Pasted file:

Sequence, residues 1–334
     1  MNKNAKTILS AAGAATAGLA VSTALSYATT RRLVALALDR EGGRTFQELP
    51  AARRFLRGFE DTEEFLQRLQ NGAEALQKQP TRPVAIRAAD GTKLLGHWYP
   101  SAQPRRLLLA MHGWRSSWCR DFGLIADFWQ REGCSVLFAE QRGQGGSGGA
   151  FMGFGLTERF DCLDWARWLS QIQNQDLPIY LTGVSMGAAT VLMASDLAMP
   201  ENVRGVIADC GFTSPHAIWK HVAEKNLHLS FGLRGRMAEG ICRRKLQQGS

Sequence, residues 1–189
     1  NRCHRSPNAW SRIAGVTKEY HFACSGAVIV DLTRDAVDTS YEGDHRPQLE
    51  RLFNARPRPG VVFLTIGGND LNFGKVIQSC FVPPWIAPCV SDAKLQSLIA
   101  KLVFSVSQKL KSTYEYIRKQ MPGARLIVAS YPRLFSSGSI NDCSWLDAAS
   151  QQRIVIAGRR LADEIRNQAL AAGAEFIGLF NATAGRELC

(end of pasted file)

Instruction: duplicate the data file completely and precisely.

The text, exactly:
Sequence, residues 1–334
     1  MNKNAKTILS AAGAATAGLA VSTALSYATT RRLVALALDR EGGRTFQELP
    51  AARRFLRGFE DTEEFLQRLQ NGAEALQKQP TRPVAIRAAD GTKLLGHWYP
   101  SAQPRRLLLA MHGWRSSWCR DFGLIADFWQ REGCSVLFAE QRGQGGSGGA
   151  FMGFGLTERF DCLDWARWLS QIQNQDLPIY LTGVSMGAAT VLMASDLAMP
   201  ENVRGVIADC GFTSPHAIWK HVAEKNLHLS FGLRGRMAEG ICRRKLQQGS

Sequence, residues 1–189
     1  NRCHRSPNAW SRIAGVTKEY HFACSGAVIV DLTRDAVDTS YEGDHRPQLE
    51  RLFNARPRPG VVFLTIGGND LNFGKVIQSC FVPPWIAPCV SDAKLQSLIA
   101  KLVFSVSQKL KSTYEYIRKQ MPGARLIVAS YPRLFSSGSI NDCSWLDAAS
   151  QQRIVIAGRR LADEIRNQAL AAGAEFIGLF NATAGRELC